Multivariate phenotypes may be characterized collectively by a variety of low level traits, such as in the diagnosis of a disease that relies on multiple disease indicators. Such multivariate phenotypes are often used in genetic association studies. If highly heritable components of a multivariate phenotype can be identified, it can maximize the likelihood of finding genetic associations. Existing methods for phenotype refinement perform unsupervised cluster analysis on low-level traits and hence do not link to heritability. Existing heritable component analytics either cannot utilize general pedigrees or have to estimate the entire covariance matrix of low-level traits from limited samples, which is computationally often prohibitive and leads to inaccurate estimates. Furthermore, these methods can be difficult to exclude fixed effects from other covariates, such as age, sex and race, to identify truly heritable components. We propose to search for a combination of low-level traits and directly maximize the heritability of this combined trait. A quadratic optimization problem is thus derived where the objective function is formulated by decomposing the traditional maximum likelihood method for estimating the heritability of a quantitative trait. The proposed approach can generate linearly-combined traits of high heritability even after correction for the fixed effects of covariates. The effectiveness of the proposed approach is demonstrated in simulations and by a case study of cocaine dependence. Our approach was computationally efficient and derived traits of higher heritability than those by other methods. Additional association analysis with our derived cocaine-use trait identified genetic markers that were replicated in an independent sample, further proving the utility and advantage of the proposed approach.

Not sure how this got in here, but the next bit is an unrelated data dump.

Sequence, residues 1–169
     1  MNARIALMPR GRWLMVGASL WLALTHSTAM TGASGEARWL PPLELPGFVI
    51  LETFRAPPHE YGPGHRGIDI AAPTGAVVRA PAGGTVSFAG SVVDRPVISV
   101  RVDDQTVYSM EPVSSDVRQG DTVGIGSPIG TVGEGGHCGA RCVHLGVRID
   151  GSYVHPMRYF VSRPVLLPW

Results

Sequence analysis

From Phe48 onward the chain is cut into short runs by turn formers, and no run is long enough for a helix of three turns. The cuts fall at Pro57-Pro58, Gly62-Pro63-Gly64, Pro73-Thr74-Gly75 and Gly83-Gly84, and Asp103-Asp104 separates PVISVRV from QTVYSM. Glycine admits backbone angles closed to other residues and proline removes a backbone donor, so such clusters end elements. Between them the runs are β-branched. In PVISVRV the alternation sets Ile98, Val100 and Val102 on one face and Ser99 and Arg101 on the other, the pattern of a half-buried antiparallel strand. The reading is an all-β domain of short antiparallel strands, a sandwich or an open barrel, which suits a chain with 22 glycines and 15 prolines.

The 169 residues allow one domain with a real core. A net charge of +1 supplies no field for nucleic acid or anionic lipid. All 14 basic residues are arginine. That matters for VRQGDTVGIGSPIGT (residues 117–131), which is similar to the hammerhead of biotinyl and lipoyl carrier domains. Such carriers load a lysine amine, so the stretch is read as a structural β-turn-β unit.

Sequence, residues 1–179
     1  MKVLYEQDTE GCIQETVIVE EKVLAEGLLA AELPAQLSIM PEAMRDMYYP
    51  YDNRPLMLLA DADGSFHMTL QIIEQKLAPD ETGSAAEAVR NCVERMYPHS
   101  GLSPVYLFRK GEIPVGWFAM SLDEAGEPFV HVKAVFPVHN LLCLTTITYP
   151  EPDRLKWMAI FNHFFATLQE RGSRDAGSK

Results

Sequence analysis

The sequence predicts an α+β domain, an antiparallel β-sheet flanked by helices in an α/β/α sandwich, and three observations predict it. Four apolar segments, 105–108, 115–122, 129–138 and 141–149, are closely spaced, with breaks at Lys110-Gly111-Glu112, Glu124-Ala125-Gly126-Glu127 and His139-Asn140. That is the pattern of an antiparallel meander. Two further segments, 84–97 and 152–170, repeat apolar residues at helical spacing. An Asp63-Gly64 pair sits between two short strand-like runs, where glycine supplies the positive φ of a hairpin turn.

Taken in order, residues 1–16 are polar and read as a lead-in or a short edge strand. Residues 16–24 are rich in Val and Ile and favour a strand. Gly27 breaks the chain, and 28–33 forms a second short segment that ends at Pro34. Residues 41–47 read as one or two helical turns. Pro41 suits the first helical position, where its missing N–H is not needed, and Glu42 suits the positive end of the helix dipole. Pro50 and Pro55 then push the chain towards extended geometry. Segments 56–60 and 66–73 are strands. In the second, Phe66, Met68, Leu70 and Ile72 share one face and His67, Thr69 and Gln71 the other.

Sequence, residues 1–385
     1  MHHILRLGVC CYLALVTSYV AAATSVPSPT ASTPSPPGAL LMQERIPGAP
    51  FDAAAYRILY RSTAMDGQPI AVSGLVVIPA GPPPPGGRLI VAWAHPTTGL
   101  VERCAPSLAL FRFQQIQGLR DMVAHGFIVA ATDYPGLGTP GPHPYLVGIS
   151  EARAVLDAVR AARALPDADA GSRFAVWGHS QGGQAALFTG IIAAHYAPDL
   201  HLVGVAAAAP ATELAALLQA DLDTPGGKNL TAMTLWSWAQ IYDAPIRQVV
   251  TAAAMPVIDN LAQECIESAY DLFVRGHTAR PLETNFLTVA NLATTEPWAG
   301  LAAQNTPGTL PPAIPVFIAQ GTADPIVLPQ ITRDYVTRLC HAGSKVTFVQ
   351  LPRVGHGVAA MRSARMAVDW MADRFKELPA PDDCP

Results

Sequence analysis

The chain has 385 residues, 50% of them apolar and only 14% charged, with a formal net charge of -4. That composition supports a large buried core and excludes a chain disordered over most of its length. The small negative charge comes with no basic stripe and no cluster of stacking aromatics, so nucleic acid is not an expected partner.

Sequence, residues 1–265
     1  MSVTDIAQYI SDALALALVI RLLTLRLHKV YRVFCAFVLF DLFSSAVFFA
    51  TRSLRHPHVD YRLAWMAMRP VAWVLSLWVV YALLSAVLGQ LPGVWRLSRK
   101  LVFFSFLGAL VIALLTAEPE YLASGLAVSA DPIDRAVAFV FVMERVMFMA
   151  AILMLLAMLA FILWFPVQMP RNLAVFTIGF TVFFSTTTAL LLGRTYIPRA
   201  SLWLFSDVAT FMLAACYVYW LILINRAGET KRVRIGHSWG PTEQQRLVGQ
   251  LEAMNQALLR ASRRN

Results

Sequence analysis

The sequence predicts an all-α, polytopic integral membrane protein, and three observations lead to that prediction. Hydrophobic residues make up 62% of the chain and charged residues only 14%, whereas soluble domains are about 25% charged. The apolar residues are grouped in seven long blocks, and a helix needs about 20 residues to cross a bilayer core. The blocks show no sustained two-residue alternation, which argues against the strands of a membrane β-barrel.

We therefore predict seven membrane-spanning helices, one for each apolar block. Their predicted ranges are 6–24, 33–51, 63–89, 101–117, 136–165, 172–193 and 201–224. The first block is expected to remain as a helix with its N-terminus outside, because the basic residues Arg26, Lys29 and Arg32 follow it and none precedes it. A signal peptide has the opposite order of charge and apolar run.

Complex phenotypes may be characterized collectively by a variety of traits, such as a disease phenotype determined by a diagnosis that relies on multiple disease indicators. For such composite traits to be most useful in a genetic association analysis, they should reflect the heterogeneity of the phenotype and have high heritability to maximize the likelihood of finding genetic associations. The most sophisticated methods for phenotype refinement that are currently available perform unsupervised cluster analysis of low-level traits. Without theoretical guidance, unsupervised analysis may yield composite traits of little utility in the genetic analysis of the phenotype. We propose a quadratic optimization approach that directly maximizes heritability during the derivation of a quantitative composite trait. Unlike the previous methods of finding principal components of heritability for multi-dimensional traits where only between-family and within-family effects are considered in heritability estimation, the quadratic objective function in our approach is formulated by solving the inverse problem of heritability estimation that considers a variety of effects, such as additive and dominant genetic effects and environmental effects. Our approach is suitable for analysis of general pedigrees. It can also generate composite traits that have high heritability even after correction for the fixed effects of covariates such as age, sex and race. We demonstrate the effectiveness of the proposed approach in simulations and in the analysis of real-world data from a study of cocaine dependence. A cross-validation test showed that the heritability of the derived trait was much higher than the standard disease phenotypes. A genomewide association study with the derived trait identified new variants that were not detected by the association analysis with the commonly-used symptom counting phenotype. The association findings with the trait were replicated in an independent sample. Thus, the proposed approach produces models for composite traits of high heritability with excellent generalizability.